This causes another unsightly problem: Since the costs to get a new substance approved are so high, drug companies have no financial incentive to develop products that won’t produce exceptional profit.
Ketamine, for instance, is not prime to make drug companies a lot of money, because a) the patent is expired and b) proper ketamine treatment would obliterate depression for most people in just a few months or less, so the consumer would not have to rely on expensive treatments for years and decades to come.
In other words, clinical ketamine treatments would be more effective for more people than literally any treatment on the market, and be more affordable for insurance companies.
The only downsides here would be for pharmaceutical companies and the FDA, but to circumvent that issue we will install a new extension of the executive branch called the Department of Non-Exploitative Industries.
The DNEI will be qualified to mentor drug companies in developing skills, ideas, and incentives for transitioning to a new national standard of making humanity’s well-being the irrevocable bottom line for their businesses.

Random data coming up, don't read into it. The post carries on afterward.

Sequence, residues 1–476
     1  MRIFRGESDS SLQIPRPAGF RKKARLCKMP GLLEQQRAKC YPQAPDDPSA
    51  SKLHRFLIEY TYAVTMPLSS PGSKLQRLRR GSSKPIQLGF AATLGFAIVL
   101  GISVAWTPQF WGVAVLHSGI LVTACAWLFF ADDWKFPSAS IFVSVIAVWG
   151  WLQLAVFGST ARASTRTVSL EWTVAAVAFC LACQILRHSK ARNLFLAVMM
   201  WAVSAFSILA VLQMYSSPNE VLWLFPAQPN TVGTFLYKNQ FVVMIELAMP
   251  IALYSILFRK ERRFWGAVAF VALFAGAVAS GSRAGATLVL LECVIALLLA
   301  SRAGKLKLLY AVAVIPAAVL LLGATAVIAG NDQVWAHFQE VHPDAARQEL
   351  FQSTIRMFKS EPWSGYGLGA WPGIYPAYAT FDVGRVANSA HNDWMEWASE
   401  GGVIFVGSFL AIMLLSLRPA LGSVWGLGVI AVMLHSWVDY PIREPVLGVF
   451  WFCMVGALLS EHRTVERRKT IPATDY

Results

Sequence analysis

With no other downsides to speak of, let’s just do this thing.
Of course, ketamine is just an example. There are a great number of entheogenic substances that will benefit our society in a great number of ways.
It’s time to reduce the stigma and dismantle the hysteria. We can do this through education, non-hostile, genuine communication, and thorough harm-reduction strategies.
Ego death might help some, too. You can try some shrooms for that, but only in Colorado for now; otherwise, you’d be breaking the law. DXM is legal though, but please before even considering entertaining that thought, check out Erowid or this Facebook group for essential harm-prevention knowledge.
Another crucial aspect of integrating entheogens clinically is the proper training of healthcare practitioners. This isn’t like with most prescriptions, where they send the patient home and leave it up to them to take their medications. We’d need facilitators to therapeutically guide people through the healing process, and a gentle, atmospheric, balance-affirming setting to ensure the thoroughness of that process.
As a final brief point that we’ll explore more deeply another time, we must also work toward decriminalizing entheogens (and yes, even illegal drugs that may not qualify as entheogens, even if they are relatively dangerous and with a potential for addiction for personal use). Addiction is a heinous problem, but criminalizing addicts has proven to be an unmitigated disaster.
Besides. Did I mention that we can cure addiction through the proper utilization of entheogens?